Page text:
The role of fossils in phylogeny reconstruction: Why is it so difficult to integrate paleobiological and neontological evolutionary biology? [Book Review]
David Bourget (Western Ontario)
David Chalmers (ANU, NYU)
Rafael De Clercq
Jack Alan Reynolds
Learn more about PhilPapers
Biology and Philosophy 19 (5):687-720 (2004)
Why has it been so difficult to integrate paleontology and mainstream evolutionary biology? Two common answers are: (1) the two fields have fundamentally different aims, and (2) the tensions arise out of disciplinary squabbles for funding and prestige. This paper examines the role of fossil data in phylogeny reconstruction in order to assess these two explanations. I argue that while cladistics has provided a framework within which to integrate fossil character data, the stratigraphic (temporal) component of fossil data has been harder to integrate. A close examination of how fossil data have been used in phylogeny reconstruction suggests that neither explanation is adequate. While some of the tensions between the fields may be intellectual turf wars, the second explanation downplays the genuine difficulty of combining the distinctive data of the two fields. Furthermore, it is simply not the case that the two fields pursue completely distinct aims. Systematists do disagree about precisely how to represent phylogeny (e.g., minimalist cladograms or trees with varying levels of detail) but given that every tree presupposes a pattern of branching (a cladogram), these aims are not completely distinct. The central problem has been developing methods that allow scientists to incorporate the distinctive bodies of data generated by these two fields. Further case studies will be required to determine if this explanation holds for other areas of interaction between paleontology and neontology.
|Keywords||cladistics integration stratigraphy stratocladistics unification|
|Categories||categorize this paper)|
Setup an account with your affiliations in order to access resources via your University's proxy server
Configure custom proxy (use this if your affiliation does not provide a proxy)
|Through your library|
References found in this work BETA
No references found.
Citations of this work BETA
Ingo Brigandt (2010). Beyond Reduction and Pluralism: Toward an Epistemology of Explanatory Integration in Biology. [REVIEW] Erkenntnis 73 (3):295-311.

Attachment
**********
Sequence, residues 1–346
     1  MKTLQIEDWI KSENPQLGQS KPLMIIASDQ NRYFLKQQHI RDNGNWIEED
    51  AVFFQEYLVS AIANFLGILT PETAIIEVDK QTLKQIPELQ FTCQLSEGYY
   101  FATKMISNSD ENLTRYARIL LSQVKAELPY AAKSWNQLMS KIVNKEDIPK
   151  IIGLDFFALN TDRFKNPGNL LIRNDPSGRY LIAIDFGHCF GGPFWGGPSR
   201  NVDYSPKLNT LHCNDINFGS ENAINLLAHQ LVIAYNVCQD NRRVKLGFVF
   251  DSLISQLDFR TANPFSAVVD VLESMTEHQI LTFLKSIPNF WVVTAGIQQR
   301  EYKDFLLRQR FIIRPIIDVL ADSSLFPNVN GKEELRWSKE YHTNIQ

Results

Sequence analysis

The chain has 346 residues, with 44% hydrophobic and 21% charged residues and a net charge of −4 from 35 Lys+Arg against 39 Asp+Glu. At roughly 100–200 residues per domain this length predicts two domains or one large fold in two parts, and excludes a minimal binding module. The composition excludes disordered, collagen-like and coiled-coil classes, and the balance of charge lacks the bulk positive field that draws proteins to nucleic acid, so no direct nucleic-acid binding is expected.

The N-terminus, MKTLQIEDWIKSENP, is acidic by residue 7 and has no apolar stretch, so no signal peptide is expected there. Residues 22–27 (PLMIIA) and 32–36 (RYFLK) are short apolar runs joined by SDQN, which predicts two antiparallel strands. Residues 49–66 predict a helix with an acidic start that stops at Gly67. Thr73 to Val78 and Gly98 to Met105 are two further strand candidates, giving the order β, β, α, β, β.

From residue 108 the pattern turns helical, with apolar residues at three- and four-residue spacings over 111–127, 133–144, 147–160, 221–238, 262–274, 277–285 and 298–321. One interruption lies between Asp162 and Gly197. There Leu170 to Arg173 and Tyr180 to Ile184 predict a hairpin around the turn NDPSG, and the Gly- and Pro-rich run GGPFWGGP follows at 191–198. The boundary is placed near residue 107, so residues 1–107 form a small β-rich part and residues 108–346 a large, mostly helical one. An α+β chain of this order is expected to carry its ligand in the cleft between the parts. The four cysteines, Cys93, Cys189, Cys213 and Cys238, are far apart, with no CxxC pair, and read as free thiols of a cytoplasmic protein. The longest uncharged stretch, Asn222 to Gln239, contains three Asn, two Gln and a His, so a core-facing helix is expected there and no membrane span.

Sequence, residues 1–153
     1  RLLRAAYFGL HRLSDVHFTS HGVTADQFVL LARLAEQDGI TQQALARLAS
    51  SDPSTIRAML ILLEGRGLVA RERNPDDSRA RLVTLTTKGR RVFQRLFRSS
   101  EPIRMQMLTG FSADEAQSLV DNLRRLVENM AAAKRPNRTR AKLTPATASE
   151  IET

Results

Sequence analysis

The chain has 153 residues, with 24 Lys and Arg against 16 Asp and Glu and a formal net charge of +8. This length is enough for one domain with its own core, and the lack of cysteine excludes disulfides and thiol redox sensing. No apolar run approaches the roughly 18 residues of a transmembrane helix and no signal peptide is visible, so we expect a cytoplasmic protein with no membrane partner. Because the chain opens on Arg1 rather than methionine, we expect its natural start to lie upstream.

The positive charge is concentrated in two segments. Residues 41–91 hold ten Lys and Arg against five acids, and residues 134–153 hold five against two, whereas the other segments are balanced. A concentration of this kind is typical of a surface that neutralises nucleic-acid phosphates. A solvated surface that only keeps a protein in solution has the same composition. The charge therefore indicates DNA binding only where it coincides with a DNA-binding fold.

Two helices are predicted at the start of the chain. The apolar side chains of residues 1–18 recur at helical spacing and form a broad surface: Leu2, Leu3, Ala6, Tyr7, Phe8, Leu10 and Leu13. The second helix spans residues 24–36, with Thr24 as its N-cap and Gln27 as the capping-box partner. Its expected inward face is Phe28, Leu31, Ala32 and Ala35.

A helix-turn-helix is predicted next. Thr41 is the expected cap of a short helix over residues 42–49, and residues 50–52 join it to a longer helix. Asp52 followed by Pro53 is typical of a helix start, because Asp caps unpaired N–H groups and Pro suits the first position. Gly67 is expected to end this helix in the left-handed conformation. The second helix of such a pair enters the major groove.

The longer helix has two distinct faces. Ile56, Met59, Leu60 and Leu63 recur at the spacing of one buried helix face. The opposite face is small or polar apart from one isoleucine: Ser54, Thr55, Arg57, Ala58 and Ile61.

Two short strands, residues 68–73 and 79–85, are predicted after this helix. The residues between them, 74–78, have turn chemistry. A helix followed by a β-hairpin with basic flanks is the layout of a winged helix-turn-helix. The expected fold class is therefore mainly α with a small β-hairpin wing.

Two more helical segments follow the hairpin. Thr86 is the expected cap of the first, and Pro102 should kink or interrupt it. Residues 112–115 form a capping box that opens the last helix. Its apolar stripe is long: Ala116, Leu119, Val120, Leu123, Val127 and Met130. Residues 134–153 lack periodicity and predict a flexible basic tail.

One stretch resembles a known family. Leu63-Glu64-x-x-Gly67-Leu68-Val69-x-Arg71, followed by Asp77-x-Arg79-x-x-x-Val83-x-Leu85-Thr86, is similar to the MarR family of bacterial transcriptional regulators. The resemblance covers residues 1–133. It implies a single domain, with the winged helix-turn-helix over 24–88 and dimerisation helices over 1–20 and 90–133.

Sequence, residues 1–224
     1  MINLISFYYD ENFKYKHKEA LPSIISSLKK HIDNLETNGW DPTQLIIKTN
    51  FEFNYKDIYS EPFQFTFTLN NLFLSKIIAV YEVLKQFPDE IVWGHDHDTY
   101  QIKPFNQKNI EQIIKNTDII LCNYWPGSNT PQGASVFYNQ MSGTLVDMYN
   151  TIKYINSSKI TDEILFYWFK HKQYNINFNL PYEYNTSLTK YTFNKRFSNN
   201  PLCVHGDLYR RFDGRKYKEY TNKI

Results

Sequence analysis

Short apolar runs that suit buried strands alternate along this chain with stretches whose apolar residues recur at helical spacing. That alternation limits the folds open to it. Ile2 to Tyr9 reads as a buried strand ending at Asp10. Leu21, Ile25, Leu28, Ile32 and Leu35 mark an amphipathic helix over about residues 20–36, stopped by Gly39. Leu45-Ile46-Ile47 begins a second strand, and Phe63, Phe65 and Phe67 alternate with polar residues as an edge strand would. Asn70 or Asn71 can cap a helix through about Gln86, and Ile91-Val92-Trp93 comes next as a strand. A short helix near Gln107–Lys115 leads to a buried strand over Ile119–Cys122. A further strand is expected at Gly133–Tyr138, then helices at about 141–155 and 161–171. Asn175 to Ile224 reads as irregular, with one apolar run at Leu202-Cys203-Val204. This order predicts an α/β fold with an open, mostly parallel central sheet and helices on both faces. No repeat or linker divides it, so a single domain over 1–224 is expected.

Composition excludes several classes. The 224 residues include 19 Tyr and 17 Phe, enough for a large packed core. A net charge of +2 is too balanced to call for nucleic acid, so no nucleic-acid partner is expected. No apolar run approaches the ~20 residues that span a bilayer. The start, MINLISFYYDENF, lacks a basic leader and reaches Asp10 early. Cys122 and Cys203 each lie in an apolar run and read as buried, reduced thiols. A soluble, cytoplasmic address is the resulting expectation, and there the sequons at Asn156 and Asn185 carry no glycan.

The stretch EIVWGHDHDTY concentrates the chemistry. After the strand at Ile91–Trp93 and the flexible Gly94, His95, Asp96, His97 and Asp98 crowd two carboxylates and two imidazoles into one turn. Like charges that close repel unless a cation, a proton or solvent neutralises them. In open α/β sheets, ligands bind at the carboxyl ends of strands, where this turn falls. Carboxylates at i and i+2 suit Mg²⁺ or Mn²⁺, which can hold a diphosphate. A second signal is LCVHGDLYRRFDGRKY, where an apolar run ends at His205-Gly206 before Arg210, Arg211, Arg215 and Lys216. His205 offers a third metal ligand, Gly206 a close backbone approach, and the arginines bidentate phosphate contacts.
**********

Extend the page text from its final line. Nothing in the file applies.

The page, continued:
Alan C. Love & Gary L. Lugar (2013). Dimensions of Integration in Interdisciplinary Explanations of the Origin of Evolutionary Novelty. Studies in History and Philosophy of Science Part C: Studies in History and Philosophy of Biological and Biomedical Sciences 44 (4):537-550.
Maureen A. O'Malley (2013). When Integration Fails: Prokaryote Phylogeny and the Tree of Life. Studies in History and Philosophy of Science Part C: Studies in History and Philosophy of Biological and Biomedical Sciences 44 (4):551-562.
Similar books and articles
J. A. Clack (1993). Homologies in the Fossil Record: The Middle Ear as a Test Case. Acta Biotheoretica 41 (4).
Francisco Vergara-Silva (forthcoming). Pattern Cladistics and the 'Realism–Antirealism Debate' in the Philosophy of Biology. Acta Biotheoretica.
Joel D. Velasco & Elliott Sober (2010). Testing for Treeness: Lateral Gene Transfer, Phylogenetic Inference, and Model Selection. Biology and Philosophy 25 (4):675-687.
Stavros Ioannidis (2008). How Development Changes Evolution: Conceptual and Historical Issues in Evolutionary Developmental Biology. [REVIEW] Biology and Philosophy 23 (4):567-578.
Stephen M. Downes (1999). Can Scientific Development and Children's Cognitive Development Be the Same Process? Philosophy of Science 66 (4):565-578.
Todd A. Grantham (2004). Conceptualizing the (Dis)Unity of Science. Philosophy of Science 71 (2):133-155.
Derek D. Turner (2011). Paleontology: A Philosophical Introduction. Cambridge University Press.
Olivier Rieppel & Maureen Kearney (2007). The Poverty of Taxonomic Characters. Biology and Philosophy 22 (1):95-113.
Maureen A. O.’Malley, William Martin & John Dupré (2010). The Tree of Life: Introduction to an Evolutionary Debate. [REVIEW] Biology and Philosophy 25 (4):441-453.
Olivier Rieppel (2010). The Series, the Network, and the Tree: Changing Metaphors of Order in Nature. Biology and Philosophy 25 (4):475-496.
Added to index2009-01-28
Total downloads10 ( #149,286 of 1,102,475 )
Recent downloads (6 months)4 ( #85,420 of 1,102,475 )
How can I increase my downloads?